Actor Russell Brand Announces Baptism After Months of Wrestling With Christianity

Actor and comedian Russell Brand announced this week that he is going to be baptized this weekend, after months of wrestling with the Christian faith.

“This Sunday, I’m taking the plunge,” Brand said in a video he posted to X. “I’m getting baptized.”

Brand claimed he had heard baptism explained to him as “an opportunity to die and be reborn; an opportunity to leave the past behind and be reborn in Christ’s name like it says in Galatians — that you can live as an enlightened and awakened person.”

“I know a lot of people are sort of cynical about the increasing interest in Christianity and the return to God, but to me, it’s obvious,” he said. “As meaning deteriorates in the modern world, as our value systems and institutions crumble, all of us become increasingly aware that there is this eerily familiar awakening and beckoning figure that we’ve all known all of our lives, within us and around us. And for me, it’s very exciting.”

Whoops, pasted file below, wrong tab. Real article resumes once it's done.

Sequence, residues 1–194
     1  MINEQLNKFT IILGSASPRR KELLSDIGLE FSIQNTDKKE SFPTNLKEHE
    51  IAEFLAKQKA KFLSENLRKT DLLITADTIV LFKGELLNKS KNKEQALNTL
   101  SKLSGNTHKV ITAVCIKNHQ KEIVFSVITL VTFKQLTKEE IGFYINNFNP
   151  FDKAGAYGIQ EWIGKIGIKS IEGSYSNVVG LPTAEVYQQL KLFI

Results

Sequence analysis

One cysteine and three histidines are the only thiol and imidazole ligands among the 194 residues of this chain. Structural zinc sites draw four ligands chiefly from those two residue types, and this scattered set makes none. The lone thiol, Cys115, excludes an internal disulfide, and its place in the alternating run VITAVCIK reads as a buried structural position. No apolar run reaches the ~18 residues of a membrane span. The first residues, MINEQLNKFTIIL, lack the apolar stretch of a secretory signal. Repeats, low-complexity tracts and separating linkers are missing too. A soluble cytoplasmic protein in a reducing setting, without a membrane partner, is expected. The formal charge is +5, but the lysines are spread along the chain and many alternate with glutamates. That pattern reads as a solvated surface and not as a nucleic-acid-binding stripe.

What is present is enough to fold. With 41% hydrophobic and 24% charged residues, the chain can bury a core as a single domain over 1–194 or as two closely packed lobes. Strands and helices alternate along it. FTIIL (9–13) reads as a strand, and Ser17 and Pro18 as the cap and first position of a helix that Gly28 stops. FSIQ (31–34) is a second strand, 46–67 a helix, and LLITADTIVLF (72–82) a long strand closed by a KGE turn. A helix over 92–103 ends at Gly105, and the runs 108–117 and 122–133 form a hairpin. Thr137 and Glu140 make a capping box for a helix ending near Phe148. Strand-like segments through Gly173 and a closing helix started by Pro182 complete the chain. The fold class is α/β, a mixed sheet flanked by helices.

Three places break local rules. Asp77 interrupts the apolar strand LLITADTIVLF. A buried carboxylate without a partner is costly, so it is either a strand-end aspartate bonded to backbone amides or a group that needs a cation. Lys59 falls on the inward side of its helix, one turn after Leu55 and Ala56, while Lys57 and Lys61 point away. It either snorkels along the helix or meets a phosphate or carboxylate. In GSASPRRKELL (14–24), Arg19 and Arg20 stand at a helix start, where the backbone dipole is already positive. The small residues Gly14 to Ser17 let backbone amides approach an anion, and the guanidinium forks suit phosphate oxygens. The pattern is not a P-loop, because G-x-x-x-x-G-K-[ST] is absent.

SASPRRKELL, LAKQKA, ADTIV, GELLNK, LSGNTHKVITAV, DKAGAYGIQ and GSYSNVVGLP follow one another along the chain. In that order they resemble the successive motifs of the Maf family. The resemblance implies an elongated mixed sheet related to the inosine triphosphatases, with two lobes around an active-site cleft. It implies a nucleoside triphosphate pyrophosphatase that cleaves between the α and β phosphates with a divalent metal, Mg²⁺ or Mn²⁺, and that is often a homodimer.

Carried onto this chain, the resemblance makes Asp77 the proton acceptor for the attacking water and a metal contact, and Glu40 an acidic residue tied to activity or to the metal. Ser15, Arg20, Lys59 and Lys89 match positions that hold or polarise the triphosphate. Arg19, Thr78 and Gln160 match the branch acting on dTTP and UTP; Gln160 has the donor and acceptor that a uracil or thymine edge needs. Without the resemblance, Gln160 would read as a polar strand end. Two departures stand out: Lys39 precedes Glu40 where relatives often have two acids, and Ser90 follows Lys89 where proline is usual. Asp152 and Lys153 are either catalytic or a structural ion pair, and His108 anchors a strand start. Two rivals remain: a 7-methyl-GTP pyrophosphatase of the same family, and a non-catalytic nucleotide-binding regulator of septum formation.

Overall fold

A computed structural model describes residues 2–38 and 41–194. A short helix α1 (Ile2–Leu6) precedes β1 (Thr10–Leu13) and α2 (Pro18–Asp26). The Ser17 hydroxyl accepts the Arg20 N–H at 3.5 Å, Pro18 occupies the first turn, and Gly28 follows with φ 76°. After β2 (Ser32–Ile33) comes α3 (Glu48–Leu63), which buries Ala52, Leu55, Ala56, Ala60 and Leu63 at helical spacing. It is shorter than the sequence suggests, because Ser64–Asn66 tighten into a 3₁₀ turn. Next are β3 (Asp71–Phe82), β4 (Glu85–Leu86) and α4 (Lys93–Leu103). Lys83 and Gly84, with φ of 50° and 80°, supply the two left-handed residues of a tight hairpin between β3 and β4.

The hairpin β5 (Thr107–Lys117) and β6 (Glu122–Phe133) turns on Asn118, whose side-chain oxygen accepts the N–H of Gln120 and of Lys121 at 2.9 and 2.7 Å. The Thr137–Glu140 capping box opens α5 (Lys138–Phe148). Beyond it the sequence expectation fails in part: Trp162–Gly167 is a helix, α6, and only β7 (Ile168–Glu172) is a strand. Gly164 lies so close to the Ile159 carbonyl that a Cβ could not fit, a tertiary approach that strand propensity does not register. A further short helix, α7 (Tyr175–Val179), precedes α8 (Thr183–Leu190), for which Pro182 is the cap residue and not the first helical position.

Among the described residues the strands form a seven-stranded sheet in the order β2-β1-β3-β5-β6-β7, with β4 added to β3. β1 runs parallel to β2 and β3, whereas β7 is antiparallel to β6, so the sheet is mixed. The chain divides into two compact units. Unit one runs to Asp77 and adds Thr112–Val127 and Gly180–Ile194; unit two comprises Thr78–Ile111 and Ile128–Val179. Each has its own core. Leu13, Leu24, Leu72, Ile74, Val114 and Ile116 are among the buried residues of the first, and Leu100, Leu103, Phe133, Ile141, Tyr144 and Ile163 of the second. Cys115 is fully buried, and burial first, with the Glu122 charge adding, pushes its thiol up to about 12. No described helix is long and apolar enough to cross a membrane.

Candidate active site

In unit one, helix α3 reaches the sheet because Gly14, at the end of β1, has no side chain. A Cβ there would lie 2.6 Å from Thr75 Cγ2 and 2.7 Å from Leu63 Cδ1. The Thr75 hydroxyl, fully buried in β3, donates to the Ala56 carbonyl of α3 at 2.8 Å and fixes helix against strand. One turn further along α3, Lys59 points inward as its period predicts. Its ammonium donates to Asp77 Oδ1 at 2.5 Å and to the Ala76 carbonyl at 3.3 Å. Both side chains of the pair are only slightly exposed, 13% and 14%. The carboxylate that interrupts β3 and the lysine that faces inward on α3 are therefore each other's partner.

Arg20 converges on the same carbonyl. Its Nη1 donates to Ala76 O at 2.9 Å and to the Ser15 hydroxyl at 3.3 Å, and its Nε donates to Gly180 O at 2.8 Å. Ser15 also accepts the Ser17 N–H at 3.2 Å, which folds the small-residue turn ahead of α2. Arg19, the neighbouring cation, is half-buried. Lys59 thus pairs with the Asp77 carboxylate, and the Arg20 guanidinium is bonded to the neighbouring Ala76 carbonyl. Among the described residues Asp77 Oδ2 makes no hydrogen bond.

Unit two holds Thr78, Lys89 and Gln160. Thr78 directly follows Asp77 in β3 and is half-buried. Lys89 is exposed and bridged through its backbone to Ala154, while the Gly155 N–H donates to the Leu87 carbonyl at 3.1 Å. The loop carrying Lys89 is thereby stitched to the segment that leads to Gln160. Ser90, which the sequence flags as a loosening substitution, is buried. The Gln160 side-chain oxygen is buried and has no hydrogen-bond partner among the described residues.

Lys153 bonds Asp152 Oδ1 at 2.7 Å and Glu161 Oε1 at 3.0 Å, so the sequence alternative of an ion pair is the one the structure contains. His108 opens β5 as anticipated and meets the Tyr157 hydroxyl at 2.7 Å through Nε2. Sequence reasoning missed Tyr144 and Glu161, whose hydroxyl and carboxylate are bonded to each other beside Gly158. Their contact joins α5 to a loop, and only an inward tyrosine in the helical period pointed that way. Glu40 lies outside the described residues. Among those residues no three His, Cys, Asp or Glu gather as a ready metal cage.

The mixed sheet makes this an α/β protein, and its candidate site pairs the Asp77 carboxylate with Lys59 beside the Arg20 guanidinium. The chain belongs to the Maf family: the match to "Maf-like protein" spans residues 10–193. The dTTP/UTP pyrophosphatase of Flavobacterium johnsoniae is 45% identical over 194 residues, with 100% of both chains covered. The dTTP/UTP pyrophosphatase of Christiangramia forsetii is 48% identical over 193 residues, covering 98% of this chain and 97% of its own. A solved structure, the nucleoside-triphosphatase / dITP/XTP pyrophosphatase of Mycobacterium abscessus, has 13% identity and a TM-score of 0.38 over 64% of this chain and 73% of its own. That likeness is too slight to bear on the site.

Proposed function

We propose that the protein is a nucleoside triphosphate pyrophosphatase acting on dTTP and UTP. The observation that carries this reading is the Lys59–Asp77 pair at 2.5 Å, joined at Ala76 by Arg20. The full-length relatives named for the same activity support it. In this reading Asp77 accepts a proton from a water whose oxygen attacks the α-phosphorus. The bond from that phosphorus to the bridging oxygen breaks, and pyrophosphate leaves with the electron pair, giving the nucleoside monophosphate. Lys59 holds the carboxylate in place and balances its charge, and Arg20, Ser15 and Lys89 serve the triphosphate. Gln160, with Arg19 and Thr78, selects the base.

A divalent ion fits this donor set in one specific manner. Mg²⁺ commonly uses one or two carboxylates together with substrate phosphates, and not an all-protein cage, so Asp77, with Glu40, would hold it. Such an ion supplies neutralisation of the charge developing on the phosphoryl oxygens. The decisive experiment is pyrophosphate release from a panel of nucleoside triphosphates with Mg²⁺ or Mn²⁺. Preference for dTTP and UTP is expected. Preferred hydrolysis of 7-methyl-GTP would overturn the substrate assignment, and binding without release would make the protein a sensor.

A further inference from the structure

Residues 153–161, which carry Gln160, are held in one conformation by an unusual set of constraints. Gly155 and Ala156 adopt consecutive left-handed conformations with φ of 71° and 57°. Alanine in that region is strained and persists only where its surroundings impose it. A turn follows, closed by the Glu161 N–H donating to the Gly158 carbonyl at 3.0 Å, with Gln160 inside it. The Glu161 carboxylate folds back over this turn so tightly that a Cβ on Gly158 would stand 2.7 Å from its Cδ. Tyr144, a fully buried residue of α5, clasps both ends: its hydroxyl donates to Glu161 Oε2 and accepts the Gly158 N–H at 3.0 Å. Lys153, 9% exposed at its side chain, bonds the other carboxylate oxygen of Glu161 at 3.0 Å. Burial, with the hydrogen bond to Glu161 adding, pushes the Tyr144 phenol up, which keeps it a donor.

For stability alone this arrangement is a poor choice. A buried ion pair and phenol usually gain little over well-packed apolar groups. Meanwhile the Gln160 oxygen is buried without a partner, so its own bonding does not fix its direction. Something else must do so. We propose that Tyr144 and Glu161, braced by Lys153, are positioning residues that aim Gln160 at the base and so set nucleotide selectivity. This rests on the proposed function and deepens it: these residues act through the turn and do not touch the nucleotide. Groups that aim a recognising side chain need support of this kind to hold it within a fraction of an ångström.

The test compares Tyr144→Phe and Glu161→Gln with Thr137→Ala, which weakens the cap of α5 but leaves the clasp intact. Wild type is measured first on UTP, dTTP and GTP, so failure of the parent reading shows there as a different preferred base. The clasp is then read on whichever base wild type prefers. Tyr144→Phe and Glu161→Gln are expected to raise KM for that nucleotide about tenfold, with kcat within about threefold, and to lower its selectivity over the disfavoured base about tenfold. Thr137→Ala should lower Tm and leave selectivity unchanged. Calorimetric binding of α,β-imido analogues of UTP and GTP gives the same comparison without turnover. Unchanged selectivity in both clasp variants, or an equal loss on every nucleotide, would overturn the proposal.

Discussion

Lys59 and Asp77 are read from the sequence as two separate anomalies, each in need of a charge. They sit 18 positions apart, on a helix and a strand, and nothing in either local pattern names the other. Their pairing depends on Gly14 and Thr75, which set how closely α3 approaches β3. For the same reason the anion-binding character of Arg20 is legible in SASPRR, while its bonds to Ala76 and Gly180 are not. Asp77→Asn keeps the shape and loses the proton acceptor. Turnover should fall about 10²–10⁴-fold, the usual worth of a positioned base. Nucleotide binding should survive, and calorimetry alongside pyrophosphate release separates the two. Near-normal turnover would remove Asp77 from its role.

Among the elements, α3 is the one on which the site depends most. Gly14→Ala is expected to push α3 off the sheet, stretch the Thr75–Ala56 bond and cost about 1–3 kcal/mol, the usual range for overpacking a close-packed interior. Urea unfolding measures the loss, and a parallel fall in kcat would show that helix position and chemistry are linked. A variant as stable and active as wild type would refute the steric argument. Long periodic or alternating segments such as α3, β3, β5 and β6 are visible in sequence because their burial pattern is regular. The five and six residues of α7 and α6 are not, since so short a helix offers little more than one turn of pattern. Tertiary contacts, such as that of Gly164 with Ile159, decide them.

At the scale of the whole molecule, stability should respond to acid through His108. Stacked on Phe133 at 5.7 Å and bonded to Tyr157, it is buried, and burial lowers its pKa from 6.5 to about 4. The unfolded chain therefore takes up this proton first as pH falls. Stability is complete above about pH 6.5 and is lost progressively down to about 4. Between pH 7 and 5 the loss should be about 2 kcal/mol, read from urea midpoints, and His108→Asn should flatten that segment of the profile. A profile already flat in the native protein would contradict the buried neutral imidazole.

Brand added that he intends to get baptized in the heavily polluted River Thames, joking that he might be also getting baptized in “serious viruses.”

“I may be leaving behind the sins, but I might be picking up some pretty serious viruses,” he said.

In March 2022, two of Britain’s most influential newspapers launched attacks on Brand, catching the attention of billionaire Elon Musk and clinical psychologist Jordan Peterson – who both defended the actor from the critical articles. 

The Independent published an article at the time titled: “How did Russell Brand go from stand-up stardom to peddling YouTube conspiracy theories?”

The piece labeled Brand as “Joe Rogan’s British counterpart.” The article recalled how Brand was once married to Katy Perry and starred in the “Forgetting Sarah Marshall” movie. 

“I know! I’m disappointed too. But such is the age we live in: One minute, a comedian is going about his life, building his career, and the next, he’s peddling conspiracy theories on YouTube and quoting Glenn Greenwald’s newsletter at length,” wrote Louis Chilton, who covers video games and culture for the outlet. “No, I don’t like it. Yes, I’m exhausted.”